Nicholson Road Week 51 – Lansdowne, Richmond


Nicholson Road is part of an ongoing photo project aimed at sharing and celebrating the different communities in Metro Vancouver. Each week Vancouver Is Awesome will be featuring one of the latest, most engaging photos from the project in order to draw your attention a little bit outside of the hyper-focus that we usually have on the city of Vancouver.

Metro Vancouver Is Awesome, and you should get out and explore it!

Art Biennale at Lansdowne, Richmond

So I discovered something new today while searching for extra info on the Lansdowne area. You know Lansdowne Centre, right? The big mall right on No.3 Road and Alderbridge Way? The one right next to (the appropriately named) Lansdowne Station on the Canada Line? If so, you might also know the mall was previously named Lansdowne Park Shopping Centre, which was anchored, and owned by none other than Woodward’s.

But did you also know Lansdowne Park was a throwback to the previous use of the site – a racetrack? (How many horse-racing tracks did one region need back then?!). Before the mall popped up in the mid-70’s, Lansdowne Park had been providing entertainment for decades. A search through the Richmond Archives produced photos going back to 1926, but I suspect it was probably built a number of years before that.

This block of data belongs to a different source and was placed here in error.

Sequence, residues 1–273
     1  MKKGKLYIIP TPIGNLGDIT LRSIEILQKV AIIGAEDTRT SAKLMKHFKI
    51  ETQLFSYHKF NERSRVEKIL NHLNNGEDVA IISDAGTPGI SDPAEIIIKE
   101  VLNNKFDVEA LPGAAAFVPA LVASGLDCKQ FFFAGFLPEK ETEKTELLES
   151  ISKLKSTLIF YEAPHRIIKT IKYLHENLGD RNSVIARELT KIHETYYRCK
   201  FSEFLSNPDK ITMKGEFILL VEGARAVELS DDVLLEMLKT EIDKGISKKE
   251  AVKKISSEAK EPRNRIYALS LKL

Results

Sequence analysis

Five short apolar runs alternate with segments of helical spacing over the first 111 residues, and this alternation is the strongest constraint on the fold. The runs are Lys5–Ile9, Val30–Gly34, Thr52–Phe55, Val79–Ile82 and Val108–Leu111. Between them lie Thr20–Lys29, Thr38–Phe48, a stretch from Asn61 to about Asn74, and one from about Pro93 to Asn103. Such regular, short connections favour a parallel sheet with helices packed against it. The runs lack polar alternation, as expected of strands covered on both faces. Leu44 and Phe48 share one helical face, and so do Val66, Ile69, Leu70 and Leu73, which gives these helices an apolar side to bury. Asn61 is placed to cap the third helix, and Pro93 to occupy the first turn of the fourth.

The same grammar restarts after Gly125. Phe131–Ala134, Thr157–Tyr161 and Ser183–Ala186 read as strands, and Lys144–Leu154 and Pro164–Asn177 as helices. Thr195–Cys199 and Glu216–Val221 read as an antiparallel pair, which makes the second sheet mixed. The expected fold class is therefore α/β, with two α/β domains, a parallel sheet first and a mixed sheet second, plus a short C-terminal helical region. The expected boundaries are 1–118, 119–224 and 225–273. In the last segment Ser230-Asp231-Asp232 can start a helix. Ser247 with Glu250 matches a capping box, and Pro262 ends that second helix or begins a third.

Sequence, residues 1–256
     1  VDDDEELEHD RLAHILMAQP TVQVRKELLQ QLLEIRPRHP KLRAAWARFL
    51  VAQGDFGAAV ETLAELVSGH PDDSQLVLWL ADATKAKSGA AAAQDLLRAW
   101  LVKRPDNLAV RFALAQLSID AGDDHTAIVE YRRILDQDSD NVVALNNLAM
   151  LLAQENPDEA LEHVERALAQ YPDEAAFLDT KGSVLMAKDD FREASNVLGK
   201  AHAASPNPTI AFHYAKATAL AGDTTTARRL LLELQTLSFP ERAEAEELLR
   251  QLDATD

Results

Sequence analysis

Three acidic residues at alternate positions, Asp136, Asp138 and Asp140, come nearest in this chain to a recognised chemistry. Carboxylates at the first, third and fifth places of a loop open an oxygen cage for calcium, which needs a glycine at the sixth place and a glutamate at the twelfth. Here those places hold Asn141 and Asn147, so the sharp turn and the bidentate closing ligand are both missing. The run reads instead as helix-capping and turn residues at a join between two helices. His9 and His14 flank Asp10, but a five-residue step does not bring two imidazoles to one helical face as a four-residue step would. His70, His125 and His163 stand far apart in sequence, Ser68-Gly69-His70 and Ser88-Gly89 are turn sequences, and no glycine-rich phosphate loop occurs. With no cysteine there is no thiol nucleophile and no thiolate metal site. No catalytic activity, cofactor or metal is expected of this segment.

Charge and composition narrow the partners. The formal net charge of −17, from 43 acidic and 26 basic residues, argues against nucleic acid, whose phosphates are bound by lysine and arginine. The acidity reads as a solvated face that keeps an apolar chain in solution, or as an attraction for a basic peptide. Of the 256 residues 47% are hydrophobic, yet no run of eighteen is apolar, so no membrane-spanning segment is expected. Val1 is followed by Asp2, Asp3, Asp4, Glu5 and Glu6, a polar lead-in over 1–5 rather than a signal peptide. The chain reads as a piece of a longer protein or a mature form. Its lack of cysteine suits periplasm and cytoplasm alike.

To make it even sweeter, and to tie it into today’s photo, I also came across a photo of the old Steveston Interurban tram stopping behind the park, on its way down to the terminus at Steveston. Somewhere, the transit gods were smiling when the first Canada Line train rolled through in August, 2009 – the first rail-based public transit to service the site since the last interurban train passed through in February, 1958.

Of course, I can’t finish this post without mentioning the absolutely wonderful artwork by Javier Marin of Mexico entitled, “Cabeza Vainilla” (Cabeza Córdoba and Cabeza Chiapas not pictured) as part of the Vancouver Art Biennale. I’ve long had a fondness for baroque sculpture, so his gigantic spanish baroque-inspired installations, the close proximity to transit, and all of the open sidewalk space along with the little rain garden under the tracks, had me swooning to no end. Find more info on the artwork here, and more info on Lansdowne Park or the interurban, at the City of Richmond Archives!

More from Nicholson Road can be found HERE.